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Bill LaCroix climbs Pretty Mountain

Plus: Michelle Shocked’s gospelly new blues

Bill LaCroix
Pretty Mountain

There is a peculiar emotion prevalent in western Montana today, a kind of nostalgia for the present. The artful phrase “the last best place” has taken on a popular resonance, as if to say the frontier is still, just barely, open. To borrow from a haiku by the poet Basho: “Even in the Bitterroot/Hearing the coyote’s cry/I long for the Bitterroot.”

Perhaps this sentiment prevails because in the last decade more strip malls, box stores and high-speed, multi-lane roads have been built than many residents here are comfortable with, threatening to swamp western Montana’s quiet culture, which, though prone to poverty, has its own highly valued integrity. “If worshipping dollars and high paid careers is your thing,” people say with pride, “this is not the place to be.” You can’t buy the good life.

On his new recording Pretty Mountain, Hamilton musician Bill LaCroix has captured the feel of life in the Columbia River Basin. In the finest folk tradition, LaCroix has woven his own songs, and renditions of some of the best little-known Northwestern songwriting, into a simple, bio-regional masterpiece. As is fitting, LaCroix plays two songs on a cardboard-topped Rocky Mountain dulcimer—a loud instrument that some fiddle players have said “should be burned on principle”—created by Montana instrument maker Ray Jacobs.

Tending toward simplicity and with a standard folk structure, the songs on Pretty Mountain seem imbued with knowledge granted by the land itself.

LaCroix has an ear for songs with refreshingly humble themes. “Pretty Mountain” was inspired by a view of Como Peak while he was out tree planting. “It’s a cluttered rented yard/Oh the valley life is hard/Where two ends don’t ever meet to make a pair/But at least the work’s outside/I don’t mind the rough old ride/When I look up there and see you pretty mountain.” The jaunty cowboy tune “Old Elk Heads” was inspired by LaCroix’s son, then three years old, learning to rope an elk head on the wall with a twine lasso. In “Corroded Things,” LaCroix sings of the irony of “rich folks…buyin’ up what was thrown out by the poor.” “Songs Our Hearts Will Sing” is a hopeful farewell written by Clem Small, longtime musical crony of LaCroix’s, now moved away. “Duck Boys,” written by Duck Boy cards creator Paul Stanton, was a hit for years on the kids radio show The Pea Green Boat. LaCroix is accompanied on the disc by Tom Robison on fiddle and harmony vocals, Pam Small on harmony vocals and Mike Conroy on bass and mandolin. Michelle Shocked
Deep Natural
Mighty Sound

In 1994 Michelle Shocked left the Mercury label when company executives refused to produce her material, claiming it was too depressing. With a confidence in her music akin to that of Bob Dylan, she produced a low-budget, rough-cut recording with Hothouse Flowers guitarist Fiachna O’Braonain titled Kind Hearted Woman and sold the discs at her concerts. Far from being too morose, the dark sincerity of her songs struck a resounding chord with audiences, and she was able to re-record a more refined version of the disc, with full-band accompaniment, two years later. Though Shocked began her career as a rocking contemporary singer-songwriter, she has changed styles, presenting a new theme with each successive recording, moving from swing band music through old-time, bluegrass, and hard-hitting acoustic folk ballads.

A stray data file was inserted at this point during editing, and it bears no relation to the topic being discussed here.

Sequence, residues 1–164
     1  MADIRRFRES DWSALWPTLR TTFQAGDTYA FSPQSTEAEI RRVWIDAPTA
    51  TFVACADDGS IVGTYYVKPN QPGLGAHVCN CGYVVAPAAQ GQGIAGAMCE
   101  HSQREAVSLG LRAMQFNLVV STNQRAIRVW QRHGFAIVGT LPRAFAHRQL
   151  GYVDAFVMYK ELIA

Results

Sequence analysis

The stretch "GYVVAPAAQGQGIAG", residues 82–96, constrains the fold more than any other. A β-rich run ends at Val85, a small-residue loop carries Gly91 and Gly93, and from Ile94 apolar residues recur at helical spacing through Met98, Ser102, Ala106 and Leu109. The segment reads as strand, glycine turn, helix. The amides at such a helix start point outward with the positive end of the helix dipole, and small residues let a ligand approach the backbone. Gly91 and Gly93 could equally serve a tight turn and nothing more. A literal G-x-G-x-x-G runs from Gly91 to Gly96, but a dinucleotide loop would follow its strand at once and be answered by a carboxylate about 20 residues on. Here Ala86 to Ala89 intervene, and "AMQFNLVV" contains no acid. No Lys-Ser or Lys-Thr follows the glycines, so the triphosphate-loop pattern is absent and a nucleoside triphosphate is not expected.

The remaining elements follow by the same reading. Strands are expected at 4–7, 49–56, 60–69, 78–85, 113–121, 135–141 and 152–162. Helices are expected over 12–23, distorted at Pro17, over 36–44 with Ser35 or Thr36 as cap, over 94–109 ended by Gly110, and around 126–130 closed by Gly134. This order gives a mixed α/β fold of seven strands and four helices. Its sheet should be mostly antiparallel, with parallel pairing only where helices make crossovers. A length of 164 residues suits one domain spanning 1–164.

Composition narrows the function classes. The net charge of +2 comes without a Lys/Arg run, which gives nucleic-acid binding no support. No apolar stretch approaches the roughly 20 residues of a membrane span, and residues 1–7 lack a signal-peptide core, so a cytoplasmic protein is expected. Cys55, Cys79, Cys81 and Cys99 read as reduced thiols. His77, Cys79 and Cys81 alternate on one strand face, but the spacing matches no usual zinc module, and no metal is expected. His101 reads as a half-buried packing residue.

Accordingly, Shocked’s latest recording bears little resemblance to anything she has previously released. Deep Natural, the first release of Shocked’s own label, Mighty Sound, is an eclectic mix of styles. There are strains of blues, black Baptist gospel, soul, swing, dub, psychedelic rock and folk, concentrated into a solution that is impossible to pigeonhole. Prior to going into the recording studio for this disc, Shocked spent time in the brass band scene in New Orleans, the city she presently calls home, and has been in regular attendance at an African-American church where she’s known as “Sister Shocked.” She seems to have immersed herself completely in the new sound, not simply borrowing new styles, but becoming them.

The depth of Shocked’s commitment to gospel is clear, a fact to which anyone who saw her recent performance in Missoula can attest. She was preaching the Word that night, belting out a mighty vocal sound that easily puts much of today’s schmaltzy Christian rock to shame. It is conceivable that some gospel music purists might find Shocked’s iconoclastic fusion of religion, blues and psychedelia in poor taste. I say more power to her. The songs are astonishingly warm and anything but dogmatic. Even the overtly Christian “Psalm” has a gentle naiveté reminiscent of poet William Blake.

The songs range from introspective ballads exploring the work required of a loving relationship, to Baptist and dub gospel celebrating personal healing and social empowerment, to fiery blues that serve as counterpoint to the gospel. Accompanying musicians include trumpeter Rich Armstrong, whose horn might make the angel Gabriel smile. O’Braonain’s guitar moves from blues to dub to something that sounds distinctly like the backing to the Grateful Dead’s “Bird Song.” A stripped down instrumental disc, titled Dub Natural, is also included in the package.

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